Activism and Advocacy – do they have a place in ECE?


By Su Garrett

Climate Strike

A culture of activism is born from the theories and approaches that inform our practices. It is grounded in the values that inform the Explore & Develop Annandale philosophy and is fuelled by the passion of the people who enact it daily.

Karen Walrond in conversation with Brene Brown on her podcast, ‘Unlocking Us’ reminds us that the most important part of advocacy is to act, to be an activist and to act on something that aligns to your values to help others.

“Being led by your values, to do something that helps other people and makes the world brighter for other people. And the really important part of that is that you do something. The root of activism is ‘actus’, meaning to act, to do a deed, and so it requires a something, like you’re moved to do something from your values, and it can’t be just to help yourself. It may help a community of which you are a part, but it’s meant to be other-facing. It’s supposed to help other people.”

(Brene Brown, November 3, 2021).

Advocacy and activism are related but not quite the same. Advocacy is speaking out against social issues and injustice, while activism is taking action against social issues and injustice. When we teach critical thinking, we are also asking ourselves to critically examine ourselves and the structures we work within. This process uncovers unfairness and the Anti-bias Approach provides the theoretical framework to inform a practice where Social Justice and Education for Sustainability are a part of curriculum.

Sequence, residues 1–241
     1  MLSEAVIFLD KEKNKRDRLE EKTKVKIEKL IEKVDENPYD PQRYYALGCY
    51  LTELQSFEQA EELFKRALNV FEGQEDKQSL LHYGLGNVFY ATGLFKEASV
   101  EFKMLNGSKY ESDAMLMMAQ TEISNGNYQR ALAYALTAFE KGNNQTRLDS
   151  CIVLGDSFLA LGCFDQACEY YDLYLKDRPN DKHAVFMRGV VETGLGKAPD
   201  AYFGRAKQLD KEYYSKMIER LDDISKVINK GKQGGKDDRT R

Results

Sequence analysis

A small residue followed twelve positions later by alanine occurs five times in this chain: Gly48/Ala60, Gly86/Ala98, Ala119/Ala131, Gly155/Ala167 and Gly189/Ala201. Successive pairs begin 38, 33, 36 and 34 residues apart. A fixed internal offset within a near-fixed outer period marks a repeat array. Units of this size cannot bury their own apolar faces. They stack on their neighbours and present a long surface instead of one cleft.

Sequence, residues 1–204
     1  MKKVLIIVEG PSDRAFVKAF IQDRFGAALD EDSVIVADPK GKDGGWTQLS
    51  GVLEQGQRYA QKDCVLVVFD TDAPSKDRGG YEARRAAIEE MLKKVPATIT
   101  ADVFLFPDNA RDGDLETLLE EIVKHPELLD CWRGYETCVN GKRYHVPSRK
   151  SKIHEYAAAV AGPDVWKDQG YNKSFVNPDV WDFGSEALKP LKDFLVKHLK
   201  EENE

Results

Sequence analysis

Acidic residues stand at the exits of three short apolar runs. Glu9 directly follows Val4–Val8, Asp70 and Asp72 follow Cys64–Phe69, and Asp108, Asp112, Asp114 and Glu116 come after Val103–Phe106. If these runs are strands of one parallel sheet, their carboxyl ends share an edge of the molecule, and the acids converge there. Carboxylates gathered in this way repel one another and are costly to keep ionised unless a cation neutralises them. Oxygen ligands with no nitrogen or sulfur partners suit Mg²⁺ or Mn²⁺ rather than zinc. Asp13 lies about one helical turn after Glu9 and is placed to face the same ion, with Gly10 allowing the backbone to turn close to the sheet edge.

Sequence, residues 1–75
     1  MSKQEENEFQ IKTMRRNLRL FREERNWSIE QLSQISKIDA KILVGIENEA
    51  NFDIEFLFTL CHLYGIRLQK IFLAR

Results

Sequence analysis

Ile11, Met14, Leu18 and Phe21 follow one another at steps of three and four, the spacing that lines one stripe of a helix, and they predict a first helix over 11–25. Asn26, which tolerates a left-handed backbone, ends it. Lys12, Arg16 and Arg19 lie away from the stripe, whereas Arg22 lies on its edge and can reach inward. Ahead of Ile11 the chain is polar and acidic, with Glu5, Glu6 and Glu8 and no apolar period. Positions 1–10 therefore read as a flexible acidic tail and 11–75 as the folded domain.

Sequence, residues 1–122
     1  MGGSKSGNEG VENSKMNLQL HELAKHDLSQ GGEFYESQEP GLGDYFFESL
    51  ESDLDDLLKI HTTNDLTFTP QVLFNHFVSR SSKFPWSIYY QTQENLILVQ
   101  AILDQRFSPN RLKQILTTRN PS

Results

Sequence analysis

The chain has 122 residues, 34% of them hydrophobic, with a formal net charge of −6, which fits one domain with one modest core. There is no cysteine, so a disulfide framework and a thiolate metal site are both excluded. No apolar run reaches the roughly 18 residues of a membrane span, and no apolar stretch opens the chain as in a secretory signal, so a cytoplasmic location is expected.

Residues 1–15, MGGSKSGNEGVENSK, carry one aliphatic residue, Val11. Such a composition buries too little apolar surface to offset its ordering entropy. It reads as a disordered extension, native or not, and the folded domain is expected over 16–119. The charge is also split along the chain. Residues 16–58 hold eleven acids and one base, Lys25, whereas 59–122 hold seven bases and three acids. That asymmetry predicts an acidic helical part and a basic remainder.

Explore & Develop Annandale is not afraid of activism. We firmly believe it is our role to be the microphone for children’s voices when they speak up against unfairness and help them take action for the betterment of their world.   

Why is it important for Early Childhood Educators and Services to be sites for activism?

Sarah Louise Gandolfo writes: “Advocacy, however, is not a choice that we have, but a requirement of our roles as professionals, as leaders in our sector, and as human beings, hoping for best outcomes and futures for children and communities.” (Ganolfo, 2022, p46)  

Early Childhood Educators and Teachers are one of the only workforces directly working with young children on a daily basis. This gives us the ability to have a very strong influence on the development of children, particularly their identity and their confidence to advocate for themselves.  We have the ability to stand up for these children as a group and also to support individual children in their daily lives.  

Early Childhood Teacher and Advocate, Liam McNicholas said in his address titled ‘From Educator to Advocate – and everything in between’ at the 2018 Little People, Big Dreams Conference, “There isn’t actually anything between Educators and advocates! Educators have been advocates, are advocates, and will be advocates tomorrow and the next day. We can disagree over what advocacy is being presented by Educators, whether it’s positive, negative, or neutral – but Educators are advocates every day, whether we own that role or not.”

Essentially, advocacy and activism is mandated in our practice through Being, Belonging and Becoming; the Early Years Learning Framework for Australia. Early childhood professionals must also consider the Early Childhood Australia Code of Ethics and the United Nations Rights of the Child. These documents highlight the role of advocacy in the work of Teachers and Educators working in the sector. The relevant parts of these documents are outlined below.  

The Early Years Learning Framework for Australia

Outcome 2: Children are Connected with and Contribute to their world

Children develop a sense of belonging to groups and communities and an understanding of the reciprocal rights and responsibilities necessary for active community participation